Conclusions for all parties from Batley and Spen

Conclusions for all parties from Batley and Spen

From LAB campaigner and ex-MP Nick Palmer

  1. The Conservative hope that Labour’s white working-class vote in the North is basically evaporating is something of a myth. Batley and Spen is not universally WWC, but it did vote Leave by 60% and the WWC vote is very substantial. Largely, it stayed with Labour and actually turned out.
  2. The predictions that Galloway was making real progress in the two Muslim wards look correct – the evidence that he was making much progress elsewhere is very scanty, so he must have won those wards. Labour needs to think hard about the perception that the Muslim vote is routinely safe.
  3. There is a modest Labour recovery under way after a torrid period – visible in the latest national polls as well. To lose 8000 votes in a marginal (majority last time 3500) to a fringe candidate and still win shows some significant progress, at least in terms of willingness to vote. 
  4. The Hancock affair damaged Conservative credibility and I think impacted Tory willingness to vote. The Tory strategy of having a stealth candidate who refused to give interviews or comment on anything proved to be a mistake. Which has to be a good thing for democracy – “vote for the party even though you know nothing about the candidate because we’re not telling you” treats voters with contempt, and ought not to be rewarded with success.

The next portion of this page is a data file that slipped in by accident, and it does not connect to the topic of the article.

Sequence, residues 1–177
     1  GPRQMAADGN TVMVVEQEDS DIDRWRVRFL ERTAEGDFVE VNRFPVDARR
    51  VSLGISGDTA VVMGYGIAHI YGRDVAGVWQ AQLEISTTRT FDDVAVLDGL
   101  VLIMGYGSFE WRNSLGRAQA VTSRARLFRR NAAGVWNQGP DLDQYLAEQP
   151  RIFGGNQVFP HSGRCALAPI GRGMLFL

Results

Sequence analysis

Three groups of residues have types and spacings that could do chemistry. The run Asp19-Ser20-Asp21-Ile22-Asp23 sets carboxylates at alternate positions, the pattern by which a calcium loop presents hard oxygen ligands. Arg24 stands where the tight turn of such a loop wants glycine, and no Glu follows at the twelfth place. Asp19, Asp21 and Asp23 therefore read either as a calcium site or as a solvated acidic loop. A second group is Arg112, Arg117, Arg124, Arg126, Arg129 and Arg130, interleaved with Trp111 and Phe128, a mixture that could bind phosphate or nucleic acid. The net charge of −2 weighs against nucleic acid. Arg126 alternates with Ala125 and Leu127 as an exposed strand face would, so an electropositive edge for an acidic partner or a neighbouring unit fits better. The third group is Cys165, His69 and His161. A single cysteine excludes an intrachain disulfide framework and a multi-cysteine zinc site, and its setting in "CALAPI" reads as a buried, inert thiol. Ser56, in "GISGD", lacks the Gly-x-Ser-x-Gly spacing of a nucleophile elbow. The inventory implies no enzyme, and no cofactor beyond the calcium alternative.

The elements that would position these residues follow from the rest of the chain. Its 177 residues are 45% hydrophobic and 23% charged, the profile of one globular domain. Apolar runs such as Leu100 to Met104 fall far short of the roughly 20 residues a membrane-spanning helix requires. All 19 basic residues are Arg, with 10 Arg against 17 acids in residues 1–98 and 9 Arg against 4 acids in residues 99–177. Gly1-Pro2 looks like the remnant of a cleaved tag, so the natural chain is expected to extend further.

5. The speculation that Labour’s left-wing activist base would stay away or even quietly hope that the party would lose proved false, apart from the mutters of a few pundits. The mobilisation of activists was remarkable (up to 800 on the day), and that was including left, right and centre activists, with very varying views on Starmer. In the end we all simply wanted to win. The effectiveness of the Labour machine in a crunch is worth noting, too.
  6. Kim Leadbeater proved a very formidable candidate in what were ridiculously trying circumstances, and Starmer’s judgment in encouraging her has proved sound. Her sister was murdered, outsiders were menacing her canvassers and heckling her on the street, she had no political experience, she was under attack on issues she’d barely thought about, and she kept her nerve anyway and went through to win. I don’t think Labour would have quite made it without her.

Nick Palmer

Nick Palmer was Labour MP for Broxtowe, 1997-2010 and is longstanding PBer

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